For Christians this risky advocacy has its culmination on Christ’s cross: “Father, forgive them, they know not what they do.” Leadership sticks its neck out for others. It dares to approach God’s dangerous but merciful throne to ask grace for others. And it holds God’s promises up and demands an answer, like a bargainer in the bazaar.
Third, leadership recognizes that the cost of following this God is, in the words of T.S. Eliot, “not less than everything.” Abraham has his own Calvary experience on Mt. Moriah in Genesis 22. The demand to sacrifice Isaac has prompted eloquent artistic representations from Kierkegaard’s existential angst to Rembrandt’s etchings and paintings. How could it not? Listen to God’s repetition of who he means to be sacrificed of the command in 22:2: “Take your son, your only son Isaac, whom you love, and go…”
God’s entire promise to make a great nation of this old reed, as countless as the stars and the sand, is here called into ultimate question. In her book, “Getting Involved with God: Rediscovering the Old Testament,” Davis describes how ancient rabbis imagined a conversation between God and the patriarch that is rather different than the bizarre bargaining for Sodom’s fate, as Abraham tries to offer Ishmael instead of Isaac.
“Take your son.”
“I have two sons.”
“Your only one.”
“This one is the only son of his mother, and this (other) one is the only son of his mother.”
“The one you love.”
“I love them both.”
And Abraham goes. Isaac portentously asks, “The fire and the wood are here, but where is the lamb for a burnt offering?” (22:7) Artists have rightly portrayed Isaac holding the instruments that will do him and his father such harm as they walk up the mountain together. “God himself will provide the lamb for a burnt offering, my son,” (22:8) and so God does -- but not before Abraham threw his arm back to send the dagger into the boy’s throat.
What lesson in leadership could this be? Child sacrifice is nowhere commended in Scripture -- indeed this story has been read as a departure from previous or pagan religious ways in Israel. It is also a story about the demands of this difficult, irascible God. Will Abraham cling to God’s promise of blessing and neglect God’s command to kill? Or will he cling to God alone? And for Christians the story is a foreshadowing of one unimaginable sacrifice, of a Son by a Father, which gives life to us all.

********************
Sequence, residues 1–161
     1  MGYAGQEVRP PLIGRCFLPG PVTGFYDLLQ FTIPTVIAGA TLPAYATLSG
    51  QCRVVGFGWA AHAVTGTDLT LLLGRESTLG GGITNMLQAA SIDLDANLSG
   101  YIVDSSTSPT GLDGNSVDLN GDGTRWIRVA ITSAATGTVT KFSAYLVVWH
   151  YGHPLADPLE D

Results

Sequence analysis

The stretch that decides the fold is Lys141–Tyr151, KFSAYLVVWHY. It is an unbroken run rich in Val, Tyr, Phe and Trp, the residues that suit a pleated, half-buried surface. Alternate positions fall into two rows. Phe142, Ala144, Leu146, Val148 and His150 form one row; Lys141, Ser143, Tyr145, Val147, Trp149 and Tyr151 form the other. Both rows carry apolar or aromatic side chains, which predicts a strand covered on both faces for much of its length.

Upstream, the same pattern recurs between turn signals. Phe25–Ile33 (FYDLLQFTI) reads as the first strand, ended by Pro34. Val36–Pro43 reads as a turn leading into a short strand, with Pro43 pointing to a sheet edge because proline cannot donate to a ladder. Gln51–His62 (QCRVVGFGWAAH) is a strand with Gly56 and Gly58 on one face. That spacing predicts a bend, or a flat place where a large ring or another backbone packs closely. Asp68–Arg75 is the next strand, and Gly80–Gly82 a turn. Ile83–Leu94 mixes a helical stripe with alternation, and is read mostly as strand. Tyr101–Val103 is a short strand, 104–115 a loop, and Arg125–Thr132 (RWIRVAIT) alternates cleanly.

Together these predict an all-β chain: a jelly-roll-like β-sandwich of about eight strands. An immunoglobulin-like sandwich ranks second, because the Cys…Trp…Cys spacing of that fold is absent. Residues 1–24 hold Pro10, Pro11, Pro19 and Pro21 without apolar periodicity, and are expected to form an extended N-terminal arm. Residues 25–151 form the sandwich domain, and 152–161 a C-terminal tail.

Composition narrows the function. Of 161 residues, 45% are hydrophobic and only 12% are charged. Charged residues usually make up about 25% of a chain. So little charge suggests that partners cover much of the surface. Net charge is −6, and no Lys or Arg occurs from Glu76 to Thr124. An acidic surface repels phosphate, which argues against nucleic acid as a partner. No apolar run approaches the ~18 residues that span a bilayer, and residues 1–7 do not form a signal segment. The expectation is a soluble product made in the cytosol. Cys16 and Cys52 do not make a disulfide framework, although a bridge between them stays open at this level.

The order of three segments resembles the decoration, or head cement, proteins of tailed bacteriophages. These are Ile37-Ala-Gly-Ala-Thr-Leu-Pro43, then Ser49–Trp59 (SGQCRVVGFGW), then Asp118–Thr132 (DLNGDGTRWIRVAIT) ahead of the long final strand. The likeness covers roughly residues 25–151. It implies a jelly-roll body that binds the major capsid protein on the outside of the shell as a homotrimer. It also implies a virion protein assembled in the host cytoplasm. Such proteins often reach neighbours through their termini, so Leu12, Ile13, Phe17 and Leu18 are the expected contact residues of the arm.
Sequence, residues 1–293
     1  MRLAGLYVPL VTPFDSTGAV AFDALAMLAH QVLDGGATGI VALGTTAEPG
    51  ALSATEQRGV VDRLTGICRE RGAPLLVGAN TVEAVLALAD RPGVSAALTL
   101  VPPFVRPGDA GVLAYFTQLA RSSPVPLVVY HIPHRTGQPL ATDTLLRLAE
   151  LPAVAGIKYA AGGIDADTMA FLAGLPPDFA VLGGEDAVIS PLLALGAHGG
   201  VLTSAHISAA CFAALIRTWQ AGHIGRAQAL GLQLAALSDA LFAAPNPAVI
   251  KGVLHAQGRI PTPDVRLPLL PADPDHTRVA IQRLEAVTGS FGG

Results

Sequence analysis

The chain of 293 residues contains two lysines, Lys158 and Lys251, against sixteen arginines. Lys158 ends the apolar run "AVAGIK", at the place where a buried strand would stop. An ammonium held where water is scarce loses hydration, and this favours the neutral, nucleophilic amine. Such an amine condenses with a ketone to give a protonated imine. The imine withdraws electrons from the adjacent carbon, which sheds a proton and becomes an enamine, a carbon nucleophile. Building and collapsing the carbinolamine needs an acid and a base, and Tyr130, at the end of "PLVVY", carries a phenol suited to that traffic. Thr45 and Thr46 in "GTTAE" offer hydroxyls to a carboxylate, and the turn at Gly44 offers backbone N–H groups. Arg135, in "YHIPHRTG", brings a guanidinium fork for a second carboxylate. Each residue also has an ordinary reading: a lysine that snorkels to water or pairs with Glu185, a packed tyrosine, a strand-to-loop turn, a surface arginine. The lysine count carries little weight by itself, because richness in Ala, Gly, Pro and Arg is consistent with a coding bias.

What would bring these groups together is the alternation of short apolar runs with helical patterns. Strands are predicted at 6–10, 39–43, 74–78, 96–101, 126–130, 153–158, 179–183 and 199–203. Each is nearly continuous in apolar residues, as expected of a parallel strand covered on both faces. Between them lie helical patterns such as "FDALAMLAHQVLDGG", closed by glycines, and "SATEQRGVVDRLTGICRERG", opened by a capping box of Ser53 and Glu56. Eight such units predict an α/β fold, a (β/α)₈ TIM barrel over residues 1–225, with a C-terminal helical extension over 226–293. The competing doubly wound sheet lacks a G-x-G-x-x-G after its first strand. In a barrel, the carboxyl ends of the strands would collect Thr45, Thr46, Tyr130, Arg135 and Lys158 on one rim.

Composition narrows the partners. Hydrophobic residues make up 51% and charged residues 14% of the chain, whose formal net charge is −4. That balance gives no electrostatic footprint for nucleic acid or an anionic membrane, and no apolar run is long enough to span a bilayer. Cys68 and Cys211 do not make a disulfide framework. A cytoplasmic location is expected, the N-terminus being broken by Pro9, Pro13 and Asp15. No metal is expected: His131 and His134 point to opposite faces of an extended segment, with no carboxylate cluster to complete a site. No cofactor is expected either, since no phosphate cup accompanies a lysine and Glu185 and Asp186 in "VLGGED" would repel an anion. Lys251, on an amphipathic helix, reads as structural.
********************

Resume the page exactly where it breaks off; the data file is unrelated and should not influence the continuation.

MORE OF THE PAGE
For Davis there is more. This is a glimpse of a vulnerable God. We have no record of Abraham’s response to the angel’s intervention, but by contrast, she says, God’s relief erupts from the page: “Now I know that you fear God, since you have not withheld your son, your only son, from me.” (22:12)
God had reason to be wary. Human beings had let him down before and would again, countless times. Abraham did not. And only now could God know that he would not. Biblically informed leadership serves not a distant god, not one who demands human sacrifice, not one who may or may not fire a lightning bolt if he can be roused from his siesta. But a God who cares passionately and intimately about humanity to the point of entering human history himself, first in the election of Israel and then in the incarnation of Jesus. Leadership in this image will reflect divine vulnerability, lowliness, even readiness to die.
After Davis presented these thoughts on leadership to an audience at Duke, a student challenged her: “You say Abraham stuck his neck out for people, but it seems to me he only stuck other people’s necks out: Sarah’s, Hagar’s and Ishmael’s and now Isaac’s.”
Davis clarified: the story of intercession for Sodom is one of sticking his neck out. The story of the binding of Isaac is more a story of unflinching obedience to unimaginable divine command. “I can’t tidy up Abraham for you,” she said.
But Abraham can provide some beginning thoughts on biblical leadership. It is a channel of blessings for others. It sticks its neck out for others. And it is willing to pay any price.